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Roanoke projects included in Virginia Tech's Big Event

Roanoke projects included in Virginia Tech's Big Event

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Virginia Tech Carilion School of Medicine’s Awaiz Khan, from Pittsburgh, and Gabriela Carrillo, from Irvine, California, help kick off “The Big Event” volunteer program on Saturday morning in the Carilion parking garage along Riverside Circle in Roanoke.

A 17-year Virginia Tech tradition extended its reach to Roanoke this year.

Tech’s annual Big Event, a daylong initiative of philanthropy and community partnership, benefited several individuals and organizations in the Roanoke Valley on Saturday, thanks to the efforts of a small group of students at the Virginia Tech Carilion School of Medicine and Research Institute.

Gabby Carrillo, a California native who came to Roanoke to study biology at VTC, was the driving force behind establishing the day’s Roanoke connection.

“We really wanted to do something to unify our students with the Roanoke community,” Carrillo said. “Roanoke is a very special community. It’s the reason I was attracted to coming here. Service is a good way to build your community and understand its needs and its story.”

The 30 students, faculty and staff volunteers for the Roanoke-specific project donated time to 10 sites including the Roanoke Rescue Mission and Good Shepherd Lutheran Preschool.

Volunteers handed out food at the mission, cleaned up the Roanoke River and did yard work and landscaping for private citizens who had requested assistance.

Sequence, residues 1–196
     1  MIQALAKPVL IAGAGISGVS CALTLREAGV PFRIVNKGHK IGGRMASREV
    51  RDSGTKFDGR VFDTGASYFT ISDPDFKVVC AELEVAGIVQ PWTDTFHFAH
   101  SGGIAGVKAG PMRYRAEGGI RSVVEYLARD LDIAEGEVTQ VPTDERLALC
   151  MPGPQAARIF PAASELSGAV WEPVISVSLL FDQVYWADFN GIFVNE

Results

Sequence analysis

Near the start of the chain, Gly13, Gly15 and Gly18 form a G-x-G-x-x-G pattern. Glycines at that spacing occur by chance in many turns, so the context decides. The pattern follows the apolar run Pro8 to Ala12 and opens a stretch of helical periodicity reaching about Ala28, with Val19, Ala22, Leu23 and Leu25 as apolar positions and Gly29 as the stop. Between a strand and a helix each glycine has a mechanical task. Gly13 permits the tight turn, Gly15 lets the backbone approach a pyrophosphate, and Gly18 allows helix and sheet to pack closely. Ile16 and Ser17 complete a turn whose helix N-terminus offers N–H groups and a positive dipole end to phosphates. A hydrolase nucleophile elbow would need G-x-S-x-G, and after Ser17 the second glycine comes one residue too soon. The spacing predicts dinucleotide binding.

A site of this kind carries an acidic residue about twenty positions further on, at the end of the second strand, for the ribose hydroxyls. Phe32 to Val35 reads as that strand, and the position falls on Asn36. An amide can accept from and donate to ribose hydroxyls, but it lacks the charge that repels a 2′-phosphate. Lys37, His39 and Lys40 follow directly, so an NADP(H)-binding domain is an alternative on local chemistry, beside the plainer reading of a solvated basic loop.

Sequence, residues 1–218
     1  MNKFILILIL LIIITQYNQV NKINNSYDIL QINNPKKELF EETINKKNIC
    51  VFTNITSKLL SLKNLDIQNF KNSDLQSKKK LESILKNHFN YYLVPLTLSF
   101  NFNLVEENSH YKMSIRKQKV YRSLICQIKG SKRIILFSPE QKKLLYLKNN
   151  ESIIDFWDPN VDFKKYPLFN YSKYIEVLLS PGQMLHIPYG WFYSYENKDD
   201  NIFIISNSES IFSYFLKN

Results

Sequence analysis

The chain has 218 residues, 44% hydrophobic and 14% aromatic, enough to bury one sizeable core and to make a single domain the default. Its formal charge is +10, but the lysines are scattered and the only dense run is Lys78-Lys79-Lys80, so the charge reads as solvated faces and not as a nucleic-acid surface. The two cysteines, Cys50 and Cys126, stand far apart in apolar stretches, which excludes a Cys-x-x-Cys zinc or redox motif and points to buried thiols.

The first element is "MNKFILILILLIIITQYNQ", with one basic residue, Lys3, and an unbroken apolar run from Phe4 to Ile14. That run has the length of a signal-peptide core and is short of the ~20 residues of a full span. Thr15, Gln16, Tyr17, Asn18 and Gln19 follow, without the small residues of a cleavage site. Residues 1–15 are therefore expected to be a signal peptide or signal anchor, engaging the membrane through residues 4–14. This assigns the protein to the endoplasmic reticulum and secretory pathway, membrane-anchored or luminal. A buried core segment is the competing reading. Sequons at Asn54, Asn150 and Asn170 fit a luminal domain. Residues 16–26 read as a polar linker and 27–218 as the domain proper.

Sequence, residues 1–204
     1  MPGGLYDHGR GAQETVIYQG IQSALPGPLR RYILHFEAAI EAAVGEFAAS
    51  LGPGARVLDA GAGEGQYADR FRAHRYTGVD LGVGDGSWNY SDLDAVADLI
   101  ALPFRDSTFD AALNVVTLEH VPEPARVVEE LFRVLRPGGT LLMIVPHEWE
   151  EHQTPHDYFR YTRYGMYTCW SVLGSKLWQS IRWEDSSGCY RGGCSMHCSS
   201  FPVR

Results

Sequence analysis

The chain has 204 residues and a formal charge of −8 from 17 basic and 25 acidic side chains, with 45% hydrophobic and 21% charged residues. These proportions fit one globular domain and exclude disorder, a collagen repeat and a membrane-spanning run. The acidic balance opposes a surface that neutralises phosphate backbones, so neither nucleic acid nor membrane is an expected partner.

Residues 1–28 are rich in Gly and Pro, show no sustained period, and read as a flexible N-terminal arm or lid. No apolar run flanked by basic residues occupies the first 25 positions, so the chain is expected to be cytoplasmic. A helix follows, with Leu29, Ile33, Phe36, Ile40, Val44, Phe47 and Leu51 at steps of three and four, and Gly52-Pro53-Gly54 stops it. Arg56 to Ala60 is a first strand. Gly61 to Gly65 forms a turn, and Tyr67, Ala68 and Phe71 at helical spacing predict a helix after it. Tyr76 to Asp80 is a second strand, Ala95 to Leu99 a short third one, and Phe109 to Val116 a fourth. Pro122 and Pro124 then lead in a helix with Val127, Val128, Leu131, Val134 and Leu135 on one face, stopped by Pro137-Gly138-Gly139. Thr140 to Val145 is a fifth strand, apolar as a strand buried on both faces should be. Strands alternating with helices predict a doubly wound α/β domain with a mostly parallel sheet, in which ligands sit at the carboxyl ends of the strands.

“We want to thank you for realizing the importance of coming together and giving back to our community,” Roanoke Mayor Sherman Lea told the group of volunteers during a kickoff speech in a VTC parking garage. “You will touch many people in a way that they have possibly never been touched before. We’re proud of the work you’re doing.”

After his remarks, Lea joined the medical school’s dean, Cynda Johnson, and the student organizers as they jumped to Metallica’s “Enter Sandman,” the rock anthem used to pump up Hokies fans during home football games.

Awaiz Kahn, another student organizer who attends Tech’s medical school in Roanoke, explained that being connected to the main campus in Blacksburg is often on his and his classmates’ minds.

“The people at VT are arranging for 6,000 people to do service today, and they were kind enough to make time for all of us,” Kahn said. “It’s nice that we were integrated into this massive event, as well.”

Michael Friedlander, founding executive director of the research institute and vice president for health sciences and technology at Virginia Tech, applauded the graduate and medical students for their outside-the-box approach to community engagement.

“We’ve given them some support when we can, but they’ve really taken off,” Friedlander said. “Roanoke is becoming a major part of Virginia Tech. It’s not an afterthought. Look around and you see what’s happened. Ten or 15 years from now, this [Roanoke campus] is going to look like a big part of Virginia Tech. More importantly, it’s the culture and connection to the people in this community.”

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